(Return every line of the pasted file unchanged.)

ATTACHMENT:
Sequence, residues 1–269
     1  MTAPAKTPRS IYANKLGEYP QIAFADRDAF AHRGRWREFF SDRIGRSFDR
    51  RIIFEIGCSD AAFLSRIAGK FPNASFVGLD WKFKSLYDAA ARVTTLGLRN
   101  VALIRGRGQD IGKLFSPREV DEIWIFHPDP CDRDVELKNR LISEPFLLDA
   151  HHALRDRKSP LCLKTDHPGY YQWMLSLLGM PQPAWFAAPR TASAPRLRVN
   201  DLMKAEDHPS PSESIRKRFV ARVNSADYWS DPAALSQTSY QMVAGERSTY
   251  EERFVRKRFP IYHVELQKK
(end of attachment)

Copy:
Sequence, residues 1–269
     1  MTAPAKTPRS IYANKLGEYP QIAFADRDAF AHRGRWREFF SDRIGRSFDR
    51  RIIFEIGCSD AAFLSRIAGK FPNASFVGLD WKFKSLYDAA ARVTTLGLRN
   101  VALIRGRGQD IGKLFSPREV DEIWIFHPDP CDRDVELKNR LISEPFLLDA
   151  HHALRDRKSP LCLKTDHPGY YQWMLSLLGM PQPAWFAAPR TASAPRLRVN
   201  DLMKAEDHPS PSESIRKRFV ARVNSADYWS DPAALSQTSY QMVAGERSTY
   251  EERFVRKRFP IYHVELQKK